Jack Cafferty slams McCain

“John McCain is as intellectually shallow as our current president.”

Any voter who cares about public issues more or less knows who he’s voting for this year. The undecideds are mostly undecided about whether one of the two candidates, or both, has what it takes to be President. McCain is trying to paint Obama as an empty suit who would be lost in the Presidency, and also as dangerously foreign. He’ll have some success with that. But McCain’s personal weaknesses, long concealed behind the maverick/war hero myth he has so carefully cultivated, are starting to draw attention, even from his “base”: the national political press corps.

Here’s some of what Jack Cafferty had to say about McCain in a recent column. I’ve edited out a riff about McCain’s laziness compared to Bush’s, and part of Cafferty’s attack on Bush himself. I haven’t edited out anything favorable to McCain; there wasn’t a favorable word in it.

John McCain is as intellectually shallow as our current president.


[At Saddleback] McCain’s answers were shallow, simplistic, and trite. He showed the same intellectual curiosity that George Bush has &#8212 virtually none.

Where are John McCain’s writings exploring the vexing moral issues of our time? Where are his position papers setting forth his careful consideration of foreign policy, the welfare state, education, America’s moral responsibility in the world, etc., etc., etc.?

John McCain graduated 894th in a class of 899 at the Naval Academy at Annapolis. His father and grandfather were four star admirals in the Navy. Some have suggested that might have played a role in McCain being admitted. His academic record was awful. And it shows over and over again whenever McCain is called upon to think on his feet.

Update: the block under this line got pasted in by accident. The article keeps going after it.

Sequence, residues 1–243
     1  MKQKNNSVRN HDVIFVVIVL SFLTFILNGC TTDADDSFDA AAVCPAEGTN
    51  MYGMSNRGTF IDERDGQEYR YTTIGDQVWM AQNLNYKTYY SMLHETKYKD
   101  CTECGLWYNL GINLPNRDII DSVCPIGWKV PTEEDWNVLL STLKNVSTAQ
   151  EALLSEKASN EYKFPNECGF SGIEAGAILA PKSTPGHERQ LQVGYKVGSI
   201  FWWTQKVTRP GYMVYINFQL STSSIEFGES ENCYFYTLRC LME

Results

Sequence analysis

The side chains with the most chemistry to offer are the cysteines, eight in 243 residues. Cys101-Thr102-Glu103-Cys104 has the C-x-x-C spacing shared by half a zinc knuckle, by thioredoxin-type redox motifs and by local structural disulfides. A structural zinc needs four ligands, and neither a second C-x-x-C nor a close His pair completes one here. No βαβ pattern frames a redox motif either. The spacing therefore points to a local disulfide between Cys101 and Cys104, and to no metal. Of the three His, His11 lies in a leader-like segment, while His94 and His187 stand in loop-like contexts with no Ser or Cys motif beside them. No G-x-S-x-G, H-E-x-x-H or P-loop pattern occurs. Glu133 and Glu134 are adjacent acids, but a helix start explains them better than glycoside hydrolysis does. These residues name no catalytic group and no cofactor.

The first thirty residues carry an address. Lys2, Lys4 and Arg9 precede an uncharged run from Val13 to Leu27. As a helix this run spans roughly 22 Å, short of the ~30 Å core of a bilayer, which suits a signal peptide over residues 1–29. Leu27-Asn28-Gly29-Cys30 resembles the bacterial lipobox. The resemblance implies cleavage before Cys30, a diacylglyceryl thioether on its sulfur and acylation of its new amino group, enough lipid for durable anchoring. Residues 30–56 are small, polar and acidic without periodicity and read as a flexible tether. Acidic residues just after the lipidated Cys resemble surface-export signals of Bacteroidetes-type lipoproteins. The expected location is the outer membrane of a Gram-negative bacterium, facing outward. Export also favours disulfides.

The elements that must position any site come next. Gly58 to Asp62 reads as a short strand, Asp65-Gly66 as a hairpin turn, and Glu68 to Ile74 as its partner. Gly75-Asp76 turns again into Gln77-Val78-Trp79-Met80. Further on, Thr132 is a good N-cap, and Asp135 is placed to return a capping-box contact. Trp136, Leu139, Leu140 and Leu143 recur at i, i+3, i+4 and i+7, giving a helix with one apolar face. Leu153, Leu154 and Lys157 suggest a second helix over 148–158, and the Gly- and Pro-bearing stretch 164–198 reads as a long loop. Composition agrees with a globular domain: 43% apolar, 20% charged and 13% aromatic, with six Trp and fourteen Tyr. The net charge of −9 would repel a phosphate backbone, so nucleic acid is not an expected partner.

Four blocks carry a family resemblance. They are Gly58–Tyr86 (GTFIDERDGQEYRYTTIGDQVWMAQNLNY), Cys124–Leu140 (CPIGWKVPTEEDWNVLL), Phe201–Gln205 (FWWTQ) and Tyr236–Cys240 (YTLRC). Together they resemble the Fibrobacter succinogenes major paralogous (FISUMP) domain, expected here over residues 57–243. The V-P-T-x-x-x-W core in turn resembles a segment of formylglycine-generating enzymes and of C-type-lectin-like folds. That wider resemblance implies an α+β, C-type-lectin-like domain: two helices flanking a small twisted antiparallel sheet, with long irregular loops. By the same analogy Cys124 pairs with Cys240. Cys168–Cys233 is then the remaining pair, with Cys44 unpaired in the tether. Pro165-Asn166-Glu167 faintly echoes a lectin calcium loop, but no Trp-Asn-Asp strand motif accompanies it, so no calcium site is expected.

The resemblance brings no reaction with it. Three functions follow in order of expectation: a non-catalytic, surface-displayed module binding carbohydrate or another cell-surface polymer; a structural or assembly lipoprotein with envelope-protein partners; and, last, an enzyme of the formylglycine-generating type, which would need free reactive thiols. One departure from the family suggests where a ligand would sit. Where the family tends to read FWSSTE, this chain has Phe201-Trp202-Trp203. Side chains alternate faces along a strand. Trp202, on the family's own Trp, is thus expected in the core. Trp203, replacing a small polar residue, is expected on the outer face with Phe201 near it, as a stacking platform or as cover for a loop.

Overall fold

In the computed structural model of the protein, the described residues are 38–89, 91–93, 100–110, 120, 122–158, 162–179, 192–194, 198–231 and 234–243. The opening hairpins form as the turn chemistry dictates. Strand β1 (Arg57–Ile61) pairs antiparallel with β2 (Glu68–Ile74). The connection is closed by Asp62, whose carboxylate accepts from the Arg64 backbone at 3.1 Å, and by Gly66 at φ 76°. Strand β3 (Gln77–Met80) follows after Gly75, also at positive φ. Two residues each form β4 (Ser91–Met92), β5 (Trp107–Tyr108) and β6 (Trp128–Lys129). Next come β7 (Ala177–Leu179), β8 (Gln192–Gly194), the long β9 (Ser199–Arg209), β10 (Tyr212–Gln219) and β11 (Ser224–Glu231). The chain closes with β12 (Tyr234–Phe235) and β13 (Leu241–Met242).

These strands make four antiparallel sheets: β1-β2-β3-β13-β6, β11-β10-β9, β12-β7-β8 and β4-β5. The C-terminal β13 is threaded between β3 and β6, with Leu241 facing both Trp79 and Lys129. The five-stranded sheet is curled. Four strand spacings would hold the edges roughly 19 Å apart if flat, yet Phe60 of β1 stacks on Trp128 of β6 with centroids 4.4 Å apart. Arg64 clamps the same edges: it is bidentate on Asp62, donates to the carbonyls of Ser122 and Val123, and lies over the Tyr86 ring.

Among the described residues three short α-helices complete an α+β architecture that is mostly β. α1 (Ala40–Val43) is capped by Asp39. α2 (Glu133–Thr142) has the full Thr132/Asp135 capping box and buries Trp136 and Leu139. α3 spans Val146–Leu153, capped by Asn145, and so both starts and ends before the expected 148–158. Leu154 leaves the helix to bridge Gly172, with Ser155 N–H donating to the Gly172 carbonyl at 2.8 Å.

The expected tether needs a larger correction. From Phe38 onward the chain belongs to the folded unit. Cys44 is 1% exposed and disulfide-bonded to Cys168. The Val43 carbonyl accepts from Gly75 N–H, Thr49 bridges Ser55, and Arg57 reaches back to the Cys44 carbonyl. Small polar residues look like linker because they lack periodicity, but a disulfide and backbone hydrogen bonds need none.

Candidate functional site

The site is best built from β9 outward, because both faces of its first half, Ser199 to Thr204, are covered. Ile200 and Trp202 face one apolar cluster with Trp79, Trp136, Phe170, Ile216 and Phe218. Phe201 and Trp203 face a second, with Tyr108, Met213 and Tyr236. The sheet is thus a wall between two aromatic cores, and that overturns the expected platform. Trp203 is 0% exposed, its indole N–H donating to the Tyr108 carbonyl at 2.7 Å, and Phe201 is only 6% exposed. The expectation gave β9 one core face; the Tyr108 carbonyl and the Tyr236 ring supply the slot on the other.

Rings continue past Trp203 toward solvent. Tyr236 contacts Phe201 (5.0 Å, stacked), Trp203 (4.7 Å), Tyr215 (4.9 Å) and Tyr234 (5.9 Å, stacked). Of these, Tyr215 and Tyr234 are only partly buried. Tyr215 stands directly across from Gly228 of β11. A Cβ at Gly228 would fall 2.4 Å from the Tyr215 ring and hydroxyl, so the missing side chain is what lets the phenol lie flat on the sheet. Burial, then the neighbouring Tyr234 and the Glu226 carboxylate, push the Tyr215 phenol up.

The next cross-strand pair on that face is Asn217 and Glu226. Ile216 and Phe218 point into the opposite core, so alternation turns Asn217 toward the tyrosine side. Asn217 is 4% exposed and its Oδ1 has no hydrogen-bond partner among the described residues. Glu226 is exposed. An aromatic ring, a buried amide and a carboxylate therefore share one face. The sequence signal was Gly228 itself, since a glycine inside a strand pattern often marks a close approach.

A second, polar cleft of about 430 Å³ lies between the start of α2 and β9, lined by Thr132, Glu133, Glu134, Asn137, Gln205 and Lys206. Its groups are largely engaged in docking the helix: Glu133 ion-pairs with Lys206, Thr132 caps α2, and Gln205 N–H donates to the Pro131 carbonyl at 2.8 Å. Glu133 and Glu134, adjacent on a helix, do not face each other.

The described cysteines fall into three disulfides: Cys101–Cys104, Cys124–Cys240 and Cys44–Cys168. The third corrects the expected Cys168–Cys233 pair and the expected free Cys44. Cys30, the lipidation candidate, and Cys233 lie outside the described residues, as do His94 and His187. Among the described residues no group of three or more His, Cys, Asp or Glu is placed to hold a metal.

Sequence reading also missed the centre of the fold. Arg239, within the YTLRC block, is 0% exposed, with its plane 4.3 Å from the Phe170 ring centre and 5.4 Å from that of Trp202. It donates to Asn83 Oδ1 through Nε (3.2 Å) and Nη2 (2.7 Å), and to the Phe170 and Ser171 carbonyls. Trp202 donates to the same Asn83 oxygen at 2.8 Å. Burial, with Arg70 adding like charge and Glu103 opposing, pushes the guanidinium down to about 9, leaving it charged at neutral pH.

He no longer allows reporters unfettered access to him aboard the “Straight Talk Express” for a reason. He simply makes too many mistakes. Unless he’s reciting talking points or reading from notes or a TelePrompTer, John McCain is lost. He can drop bon mots at a bowling alley or diner &#8212 short glib responses that get a chuckle &#8212 but beyond that McCain gets in over his head very quickly.

I am sick and tired of the president of the United States embarrassing me … Bush goes bumbling along, grinning and spewing moronic one-liners, as though nobody understands what a colossal failure he has been. I fear to the depth of my being that John McCain is just like him.

When you read pundits’ musings about who has “won” or lost” the interlude between the primaries and the conventions, don’t forget one cost of the incredibly filthy and dishonest campaign McCain has run, especially the endless repetition of the false charge about Obama not wanting to visit wounded soldiers unless he could bring cameras with him: McCain has lost a big chunk of his goodwill among the people who cover politics. Even if they didn’t like his politics, most reporters liked him, and tended to protect him from his gaffes and to soft-pedal their criticism. That’s coming to an end, and McCain is going to be paying the price from now until Election Day.

Author: Mark Kleiman

Professor of Public Policy at the NYU Marron Institute for Urban Management and editor of the Journal of Drug Policy Analysis. Teaches about the methods of policy analysis about drug abuse control and crime control policy, working out the implications of two principles: that swift and certain sanctions don't have to be severe to be effective, and that well-designed threats usually don't have to be carried out. Books: Drugs and Drug Policy: What Everyone Needs to Know (with Jonathan Caulkins and Angela Hawken) When Brute Force Fails: How to Have Less Crime and Less Punishment (Princeton, 2009; named one of the "books of the year" by The Economist Against Excess: Drug Policy for Results (Basic, 1993) Marijuana: Costs of Abuse, Costs of Control (Greenwood, 1989) UCLA Homepage Curriculum Vitae Contact: Markarkleiman-at-gmail.com